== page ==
The Roman Emperor Decius (~250 AD) was a notorious persecutor of Christians. When he came to the town of Ephesus in modern day Turkey, he found seven men he tried for the crime of practising Christianity. He found them guilty, and warned them that on his return to Ephesus, if they had not reconsidered and renounced their belief, they would be tortured and killed.

The men took refuge in a cave outside the city, where they prepared to die. On entering the cave, they fell asleep. When the emperor returned, he learned of where the men had gone, and ordered the cave to be closed by an enormous stone.

After about 150 years, when Christianity has become the state religion of the empire, the owner of the cave unblocks the opening, intending to use it as a cattle stall. When the cave is opened, the sleepers awake, and believe they have only slept for a single night. One of them goes into the city for food, is amazed to find crosses on buildings, and discovers he has trouble buying things with coins from the reign of Decius. Eventually the bishop of the city follows him back to the cave, and the Roman Emperor Theodosius shows up. The resurrection of the sleepers helps the emperor and bishop win some arguing points against the local heretics, who deny the fact of the resurrection of the body. After praising God in sundry ways, the sleepers lie back down and die a peaceful death.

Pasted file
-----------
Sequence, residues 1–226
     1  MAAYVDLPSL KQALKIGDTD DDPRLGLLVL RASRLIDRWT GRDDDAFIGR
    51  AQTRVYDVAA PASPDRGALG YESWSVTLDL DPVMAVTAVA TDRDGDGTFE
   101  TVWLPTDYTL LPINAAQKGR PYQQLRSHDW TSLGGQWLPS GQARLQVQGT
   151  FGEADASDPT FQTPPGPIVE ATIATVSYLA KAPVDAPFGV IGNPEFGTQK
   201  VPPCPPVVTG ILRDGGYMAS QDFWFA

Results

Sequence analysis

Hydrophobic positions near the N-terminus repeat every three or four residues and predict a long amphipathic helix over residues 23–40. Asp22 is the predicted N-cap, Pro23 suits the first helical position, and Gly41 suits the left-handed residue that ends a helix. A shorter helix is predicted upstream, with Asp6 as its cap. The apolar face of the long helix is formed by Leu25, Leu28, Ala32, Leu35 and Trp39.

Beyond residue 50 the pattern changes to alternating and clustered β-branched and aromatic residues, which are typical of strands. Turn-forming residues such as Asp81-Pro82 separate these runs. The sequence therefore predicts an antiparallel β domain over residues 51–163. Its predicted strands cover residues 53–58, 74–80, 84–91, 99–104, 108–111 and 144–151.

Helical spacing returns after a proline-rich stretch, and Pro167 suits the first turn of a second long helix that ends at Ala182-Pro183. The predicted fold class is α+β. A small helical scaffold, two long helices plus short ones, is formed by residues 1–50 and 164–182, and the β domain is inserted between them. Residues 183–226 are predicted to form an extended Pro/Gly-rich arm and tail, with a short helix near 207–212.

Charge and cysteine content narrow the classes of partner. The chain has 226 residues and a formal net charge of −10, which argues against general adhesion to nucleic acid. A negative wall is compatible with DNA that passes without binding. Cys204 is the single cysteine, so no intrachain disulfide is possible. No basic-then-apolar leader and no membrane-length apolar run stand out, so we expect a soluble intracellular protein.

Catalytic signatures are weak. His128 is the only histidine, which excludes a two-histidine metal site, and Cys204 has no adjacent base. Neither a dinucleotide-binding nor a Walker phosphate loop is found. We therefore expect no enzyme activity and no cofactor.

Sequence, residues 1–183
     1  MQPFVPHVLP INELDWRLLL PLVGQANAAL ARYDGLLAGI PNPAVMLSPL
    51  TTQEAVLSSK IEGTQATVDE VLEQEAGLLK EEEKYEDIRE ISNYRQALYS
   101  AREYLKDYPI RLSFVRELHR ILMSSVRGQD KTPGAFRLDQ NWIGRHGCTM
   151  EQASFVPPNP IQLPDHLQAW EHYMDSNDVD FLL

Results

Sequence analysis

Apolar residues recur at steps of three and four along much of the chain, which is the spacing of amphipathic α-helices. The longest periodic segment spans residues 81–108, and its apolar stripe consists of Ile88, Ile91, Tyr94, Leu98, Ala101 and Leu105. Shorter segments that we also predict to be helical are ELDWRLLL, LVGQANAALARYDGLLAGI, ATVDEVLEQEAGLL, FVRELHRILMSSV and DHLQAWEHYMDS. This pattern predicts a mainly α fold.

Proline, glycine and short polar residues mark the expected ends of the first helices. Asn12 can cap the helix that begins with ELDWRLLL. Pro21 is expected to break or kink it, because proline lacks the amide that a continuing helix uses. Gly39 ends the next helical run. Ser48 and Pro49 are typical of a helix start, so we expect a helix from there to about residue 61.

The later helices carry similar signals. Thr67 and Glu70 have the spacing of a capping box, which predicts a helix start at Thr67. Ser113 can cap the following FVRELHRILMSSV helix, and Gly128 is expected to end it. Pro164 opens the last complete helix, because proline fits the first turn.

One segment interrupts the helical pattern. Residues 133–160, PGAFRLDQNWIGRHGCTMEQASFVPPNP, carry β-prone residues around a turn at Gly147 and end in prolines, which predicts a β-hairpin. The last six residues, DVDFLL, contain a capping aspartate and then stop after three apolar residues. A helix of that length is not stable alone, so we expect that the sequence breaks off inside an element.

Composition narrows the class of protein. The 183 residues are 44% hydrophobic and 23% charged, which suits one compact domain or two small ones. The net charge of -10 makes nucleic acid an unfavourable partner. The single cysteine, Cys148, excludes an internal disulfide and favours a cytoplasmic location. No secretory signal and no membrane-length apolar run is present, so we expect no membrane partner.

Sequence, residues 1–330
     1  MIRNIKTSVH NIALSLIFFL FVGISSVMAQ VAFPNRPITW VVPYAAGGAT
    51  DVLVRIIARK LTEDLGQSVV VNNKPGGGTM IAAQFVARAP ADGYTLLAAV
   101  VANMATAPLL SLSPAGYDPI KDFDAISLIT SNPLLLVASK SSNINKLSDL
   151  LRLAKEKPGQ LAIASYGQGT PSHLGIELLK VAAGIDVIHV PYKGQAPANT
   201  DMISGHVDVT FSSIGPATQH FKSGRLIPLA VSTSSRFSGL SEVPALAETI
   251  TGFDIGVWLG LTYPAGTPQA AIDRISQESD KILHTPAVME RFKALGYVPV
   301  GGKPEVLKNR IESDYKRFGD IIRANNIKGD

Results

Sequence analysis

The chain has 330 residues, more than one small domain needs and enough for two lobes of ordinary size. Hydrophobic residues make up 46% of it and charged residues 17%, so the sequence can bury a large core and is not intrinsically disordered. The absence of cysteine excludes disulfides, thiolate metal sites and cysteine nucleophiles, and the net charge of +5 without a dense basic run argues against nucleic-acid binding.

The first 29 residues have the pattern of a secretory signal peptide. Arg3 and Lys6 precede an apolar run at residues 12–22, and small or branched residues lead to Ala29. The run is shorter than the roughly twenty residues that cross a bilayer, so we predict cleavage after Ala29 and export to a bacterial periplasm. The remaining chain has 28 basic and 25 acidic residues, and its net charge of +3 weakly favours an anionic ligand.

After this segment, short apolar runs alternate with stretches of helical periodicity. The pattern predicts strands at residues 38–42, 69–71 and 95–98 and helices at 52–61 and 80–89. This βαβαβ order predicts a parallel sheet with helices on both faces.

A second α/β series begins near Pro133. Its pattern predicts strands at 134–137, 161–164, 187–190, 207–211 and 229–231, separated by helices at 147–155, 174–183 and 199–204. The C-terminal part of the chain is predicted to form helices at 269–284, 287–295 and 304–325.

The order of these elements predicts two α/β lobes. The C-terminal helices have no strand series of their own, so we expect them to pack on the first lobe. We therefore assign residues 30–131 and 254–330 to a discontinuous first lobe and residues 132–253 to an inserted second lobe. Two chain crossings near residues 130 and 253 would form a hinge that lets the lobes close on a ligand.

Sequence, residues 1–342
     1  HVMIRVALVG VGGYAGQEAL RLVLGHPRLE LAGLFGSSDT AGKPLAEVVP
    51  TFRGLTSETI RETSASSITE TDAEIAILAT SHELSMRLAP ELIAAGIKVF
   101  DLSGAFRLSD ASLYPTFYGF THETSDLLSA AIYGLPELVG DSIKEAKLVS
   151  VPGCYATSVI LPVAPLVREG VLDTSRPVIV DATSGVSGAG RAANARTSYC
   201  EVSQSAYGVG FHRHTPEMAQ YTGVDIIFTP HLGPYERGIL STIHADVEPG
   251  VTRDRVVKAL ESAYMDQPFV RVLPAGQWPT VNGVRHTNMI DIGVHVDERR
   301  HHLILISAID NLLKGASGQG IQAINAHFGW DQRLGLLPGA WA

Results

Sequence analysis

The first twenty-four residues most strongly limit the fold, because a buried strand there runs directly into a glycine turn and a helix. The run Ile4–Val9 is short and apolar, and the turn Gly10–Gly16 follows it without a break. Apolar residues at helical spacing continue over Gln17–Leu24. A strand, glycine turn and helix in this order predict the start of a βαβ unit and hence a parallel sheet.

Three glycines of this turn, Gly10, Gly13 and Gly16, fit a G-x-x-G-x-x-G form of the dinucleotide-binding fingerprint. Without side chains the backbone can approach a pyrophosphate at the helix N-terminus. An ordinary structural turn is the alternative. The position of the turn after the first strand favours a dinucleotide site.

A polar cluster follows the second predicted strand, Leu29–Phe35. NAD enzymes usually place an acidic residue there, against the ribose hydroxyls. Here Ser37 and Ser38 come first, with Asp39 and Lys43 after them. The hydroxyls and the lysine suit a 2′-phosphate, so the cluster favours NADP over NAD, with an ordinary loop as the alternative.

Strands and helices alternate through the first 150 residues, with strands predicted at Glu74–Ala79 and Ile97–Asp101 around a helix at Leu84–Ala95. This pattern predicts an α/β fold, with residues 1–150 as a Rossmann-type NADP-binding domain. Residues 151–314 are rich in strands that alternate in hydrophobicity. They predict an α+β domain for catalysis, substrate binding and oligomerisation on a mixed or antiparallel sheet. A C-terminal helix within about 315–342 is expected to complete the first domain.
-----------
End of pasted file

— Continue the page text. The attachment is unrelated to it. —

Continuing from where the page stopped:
Everyone, from the emperor on down to the owner of the cave, is very happy and edified by the experience.

The story of the sleepers is just one example of an ancient myth involving someone falling asleep for a long time and waking up to a world that has become unrecognizable. The sleepers story has made it into the Koran (Sura xviii), and it was a very popular story into the late Middle Ages, where it was the subject of numerous retellings and a popular subject for depiction in painting and illustrations.

In America, the sleeper myth was popularized by Washington Irving in the story of Rip Van Winkle. Other variants of the myth include the belief in the return of certain notable persons, such as Frederick Barbarossa and King Arthur. It might be argued that the death and resurrection of Christ is a variant of this myth.